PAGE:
College enrollment "declined by close to half a million (463,000) between 2012 and 2013, marking the second year in a row that a drop of this magnitude has occurred," according to a report from the Census Bureau. And it's the largest two-year drop since Census began collecting enrollment data in 1966. Notably, the decline was concentrated in two-year colleges.
It is, of course, desirable to have a more educated population, particularly in an era of globalization and technological change that makes it harder for low-skilled workers to find good jobs. But the report also has a silver lining.
Education is countercyclical. That is, when healthy economic conditions, particularly employment opportunities, are scarce, both young and old workers seek more education to both improve their skills and provide a bridge to when job opportunities improve. However, during recessions other forces also work against increasing enrollment, such as declining family income and, in the most recent recession, rising tuition.
Even so, as the report notes, enrollment between 2006 and 2011 jumped to 3.2 million, a larger increase than over the preceding 10-year period ending 2006. Some of this rise can be attributed to population growth because enrollment generally expands from year to year as population grows.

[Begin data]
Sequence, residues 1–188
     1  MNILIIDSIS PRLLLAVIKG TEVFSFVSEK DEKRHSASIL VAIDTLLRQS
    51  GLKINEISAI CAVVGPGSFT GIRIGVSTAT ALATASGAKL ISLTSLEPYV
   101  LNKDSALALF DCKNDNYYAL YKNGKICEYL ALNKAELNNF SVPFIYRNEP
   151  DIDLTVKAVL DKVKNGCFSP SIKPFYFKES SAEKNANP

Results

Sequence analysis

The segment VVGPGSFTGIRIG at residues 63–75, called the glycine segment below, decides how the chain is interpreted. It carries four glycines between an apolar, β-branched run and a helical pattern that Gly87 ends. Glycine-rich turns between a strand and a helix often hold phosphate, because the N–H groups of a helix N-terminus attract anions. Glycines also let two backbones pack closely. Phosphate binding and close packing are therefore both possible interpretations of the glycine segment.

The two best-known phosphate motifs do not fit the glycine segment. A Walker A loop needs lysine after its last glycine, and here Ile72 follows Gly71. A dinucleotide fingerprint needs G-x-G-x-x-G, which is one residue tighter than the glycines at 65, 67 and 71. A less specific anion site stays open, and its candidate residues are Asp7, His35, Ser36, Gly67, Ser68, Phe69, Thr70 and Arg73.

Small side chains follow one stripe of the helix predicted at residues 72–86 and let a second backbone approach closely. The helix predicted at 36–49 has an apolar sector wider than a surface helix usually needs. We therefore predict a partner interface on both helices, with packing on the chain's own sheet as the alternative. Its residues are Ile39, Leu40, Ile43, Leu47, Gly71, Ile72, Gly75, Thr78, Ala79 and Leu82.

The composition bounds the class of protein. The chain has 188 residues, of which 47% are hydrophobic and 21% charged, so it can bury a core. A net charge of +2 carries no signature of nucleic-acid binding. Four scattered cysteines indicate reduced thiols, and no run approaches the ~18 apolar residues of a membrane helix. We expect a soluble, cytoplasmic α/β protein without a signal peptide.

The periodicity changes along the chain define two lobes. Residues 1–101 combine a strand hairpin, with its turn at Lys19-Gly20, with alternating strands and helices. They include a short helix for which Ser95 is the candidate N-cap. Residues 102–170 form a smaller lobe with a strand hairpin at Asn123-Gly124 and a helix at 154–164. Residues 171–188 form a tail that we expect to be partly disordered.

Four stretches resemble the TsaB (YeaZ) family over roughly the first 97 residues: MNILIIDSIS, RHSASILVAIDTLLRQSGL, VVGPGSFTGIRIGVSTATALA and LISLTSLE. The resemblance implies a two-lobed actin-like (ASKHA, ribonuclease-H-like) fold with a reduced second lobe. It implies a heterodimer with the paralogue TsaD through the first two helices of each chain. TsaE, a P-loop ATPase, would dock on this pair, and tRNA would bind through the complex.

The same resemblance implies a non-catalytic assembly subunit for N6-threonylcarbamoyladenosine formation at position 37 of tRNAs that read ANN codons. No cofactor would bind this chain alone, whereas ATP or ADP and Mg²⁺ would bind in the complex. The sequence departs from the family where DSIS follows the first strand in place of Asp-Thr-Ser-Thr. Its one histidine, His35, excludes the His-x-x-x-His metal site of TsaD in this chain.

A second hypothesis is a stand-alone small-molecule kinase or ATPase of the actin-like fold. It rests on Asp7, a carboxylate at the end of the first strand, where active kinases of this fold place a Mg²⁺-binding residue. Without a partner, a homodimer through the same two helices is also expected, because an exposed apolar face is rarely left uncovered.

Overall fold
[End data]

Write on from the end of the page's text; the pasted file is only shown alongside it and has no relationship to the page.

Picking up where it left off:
A recent research paper from Harvard economist Bridget Terry Long documents that college enrollment also rose due to the Great Recession. Long found that "the net effect of the recession has been positive on college enrollment. While college enrollment increases generally each year, after the start of the Great Recession, there was an additional increase in attendance rates. The increase was concentrated among older, non-traditional students."
Thus, enrollment rises when the economy is doing poorly, but this reverses when the economy begins to improve. For example, Hispanic enrollment, which is concentrated in two-year colleges, grew by 1 million between 2007 and 2012, but it did not grow at all between 2012 and 2013 (despite the underlying increase in population).
Similarly, enrollment among blacks increased by 500,000 over the five-year period ending 2012 but was flat in recent years. Overall, enrollment for 18- to 24-year-old students has declined from 42 percent in 2011 to 40 percent in the fall of 2013.
The recovery is far from complete. Millions of people who would like to work still can't find acceptable employment. While declining enrollment means a less educated workforce, it's also a sign that the economy is doing better, especially for critical groups.